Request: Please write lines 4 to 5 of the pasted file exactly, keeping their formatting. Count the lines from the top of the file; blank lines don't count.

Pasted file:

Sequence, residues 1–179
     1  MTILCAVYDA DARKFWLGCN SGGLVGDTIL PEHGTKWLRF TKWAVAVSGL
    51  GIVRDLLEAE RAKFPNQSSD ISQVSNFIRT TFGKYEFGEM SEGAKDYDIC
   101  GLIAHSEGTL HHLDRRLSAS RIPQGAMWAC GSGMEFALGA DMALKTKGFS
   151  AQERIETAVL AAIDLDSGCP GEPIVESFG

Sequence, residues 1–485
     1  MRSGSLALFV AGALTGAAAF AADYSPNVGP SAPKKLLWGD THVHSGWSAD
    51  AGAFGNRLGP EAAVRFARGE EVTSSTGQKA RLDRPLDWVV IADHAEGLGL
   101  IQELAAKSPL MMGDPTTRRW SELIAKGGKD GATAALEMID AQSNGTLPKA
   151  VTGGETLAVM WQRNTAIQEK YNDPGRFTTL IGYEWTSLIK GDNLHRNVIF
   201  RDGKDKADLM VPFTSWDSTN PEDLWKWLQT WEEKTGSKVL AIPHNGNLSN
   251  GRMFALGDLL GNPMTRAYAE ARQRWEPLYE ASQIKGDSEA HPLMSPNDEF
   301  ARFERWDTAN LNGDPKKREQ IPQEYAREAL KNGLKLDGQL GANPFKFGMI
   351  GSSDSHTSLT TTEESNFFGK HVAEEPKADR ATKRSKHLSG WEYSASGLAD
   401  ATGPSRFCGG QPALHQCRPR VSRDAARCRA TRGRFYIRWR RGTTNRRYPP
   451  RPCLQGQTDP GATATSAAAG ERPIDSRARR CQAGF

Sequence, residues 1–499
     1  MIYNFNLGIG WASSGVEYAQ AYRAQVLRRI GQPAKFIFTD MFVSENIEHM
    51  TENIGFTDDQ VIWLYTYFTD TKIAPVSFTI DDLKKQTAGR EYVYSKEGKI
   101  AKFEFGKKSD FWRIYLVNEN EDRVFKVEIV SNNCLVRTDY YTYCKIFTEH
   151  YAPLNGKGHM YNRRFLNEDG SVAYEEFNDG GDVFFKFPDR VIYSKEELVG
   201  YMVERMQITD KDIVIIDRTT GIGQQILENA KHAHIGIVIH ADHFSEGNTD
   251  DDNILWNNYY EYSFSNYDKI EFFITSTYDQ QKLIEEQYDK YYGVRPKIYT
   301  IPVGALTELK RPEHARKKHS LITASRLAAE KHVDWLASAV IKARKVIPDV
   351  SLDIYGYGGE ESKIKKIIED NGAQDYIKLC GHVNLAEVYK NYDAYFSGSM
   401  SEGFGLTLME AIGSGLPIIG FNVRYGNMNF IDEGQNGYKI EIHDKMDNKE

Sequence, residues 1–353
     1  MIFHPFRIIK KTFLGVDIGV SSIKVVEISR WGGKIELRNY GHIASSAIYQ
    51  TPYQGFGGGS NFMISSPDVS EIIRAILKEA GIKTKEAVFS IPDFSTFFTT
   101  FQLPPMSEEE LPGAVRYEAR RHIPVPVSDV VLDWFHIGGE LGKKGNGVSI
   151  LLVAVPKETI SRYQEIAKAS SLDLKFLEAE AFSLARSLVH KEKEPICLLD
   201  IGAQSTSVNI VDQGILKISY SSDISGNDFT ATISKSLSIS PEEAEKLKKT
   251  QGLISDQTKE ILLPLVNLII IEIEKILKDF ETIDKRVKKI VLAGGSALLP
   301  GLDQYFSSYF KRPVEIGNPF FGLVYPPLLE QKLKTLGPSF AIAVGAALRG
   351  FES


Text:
   101  GLIAHSEGTL HHLDRRLSAS RIPQGAMWAC GSGMEFALGA DMALKTKGFS
   151  AQERIETAVL AAIDLDSGCP GEPIVESFG